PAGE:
Black Friday has come and gone. And by all accounts it was an economic success. Record breaking amounts of money were spent by American consumers stocking up on gifts for the holiday gift-giving season and, no doubt, spending a bit on themselves as well. And, from one important perspective, that's a good thing. More spending means more producing, and more producing means more jobs. And heaven knows, we need more jobs!
But in the interest of creating jobs, there are some who are suggesting that we set aside various environmental goals and standards. This, though, is exceptionally short-sighted. It is the sort of attitude that got us into the environemental mess we are experiencing in the first place! Why is it that some folks are so quick to pit the creation of jobs against the environment, why not seek to create jobs that will help repair and sustain the environment? Our economic interests and our environemental interests can--and should--be in sync.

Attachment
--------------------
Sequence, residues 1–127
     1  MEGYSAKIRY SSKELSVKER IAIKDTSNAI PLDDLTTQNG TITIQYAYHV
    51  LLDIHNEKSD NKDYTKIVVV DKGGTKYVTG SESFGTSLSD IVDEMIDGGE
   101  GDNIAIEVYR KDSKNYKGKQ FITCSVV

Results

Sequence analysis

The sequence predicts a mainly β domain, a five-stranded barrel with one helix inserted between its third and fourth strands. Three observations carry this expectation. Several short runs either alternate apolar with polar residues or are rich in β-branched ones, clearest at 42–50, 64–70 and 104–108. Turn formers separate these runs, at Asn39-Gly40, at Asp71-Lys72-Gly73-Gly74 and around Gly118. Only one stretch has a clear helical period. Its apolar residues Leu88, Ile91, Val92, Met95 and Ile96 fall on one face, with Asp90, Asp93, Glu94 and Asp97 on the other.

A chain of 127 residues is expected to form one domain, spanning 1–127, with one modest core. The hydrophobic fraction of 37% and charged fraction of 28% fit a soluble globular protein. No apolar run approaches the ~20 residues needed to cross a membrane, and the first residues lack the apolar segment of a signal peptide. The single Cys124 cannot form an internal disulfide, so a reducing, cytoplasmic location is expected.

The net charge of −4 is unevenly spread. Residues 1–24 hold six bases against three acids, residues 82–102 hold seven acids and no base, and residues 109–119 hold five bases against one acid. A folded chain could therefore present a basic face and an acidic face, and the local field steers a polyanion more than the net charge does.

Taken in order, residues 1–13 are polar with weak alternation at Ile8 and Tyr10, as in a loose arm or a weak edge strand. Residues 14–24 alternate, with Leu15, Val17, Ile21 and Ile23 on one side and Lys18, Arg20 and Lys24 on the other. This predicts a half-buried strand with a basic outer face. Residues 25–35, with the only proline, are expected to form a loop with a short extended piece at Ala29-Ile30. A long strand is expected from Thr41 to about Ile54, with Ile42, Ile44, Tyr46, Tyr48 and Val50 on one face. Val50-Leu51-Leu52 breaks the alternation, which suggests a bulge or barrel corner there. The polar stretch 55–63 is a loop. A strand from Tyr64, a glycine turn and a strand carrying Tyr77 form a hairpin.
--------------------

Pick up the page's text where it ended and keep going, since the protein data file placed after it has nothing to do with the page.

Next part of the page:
I have not researched Patagonia, the apparel manufacturer and retailer, but it appears they are trying to do just that. I was impressed by a full page add that ran in the New York Times on Black Friday. It featured a picture of a Patagonia jacket, headlined, "Don't Buy This Jacket." The ad copy opened with a rather startling statement: "It's Black Friday, the day in the year retail turns from red to black and starts to make real money. But Black Friday and the culture of consumption it reflects, puts the economy of natural systems that support all life firmly in the red. We're now using the resources of one-and-a-half planets on our one and only planet." The ad then went on to encourage consumers to reduce, repair, reuse and recycle. It included a promise by Patagonia to take back any of their clothing that is worn out and then to recycle it. "Don't buy what you don't need," the copy continues later, "Think twice before buying anything."
One thing the ad doesn't say, but that I will: we can't buy a new planet. Limiting our consumption to the resources of just one planet will take a concerted effort, and it will need to include all the players, governments, non-profits, corporations, individuals, labor and religious groups.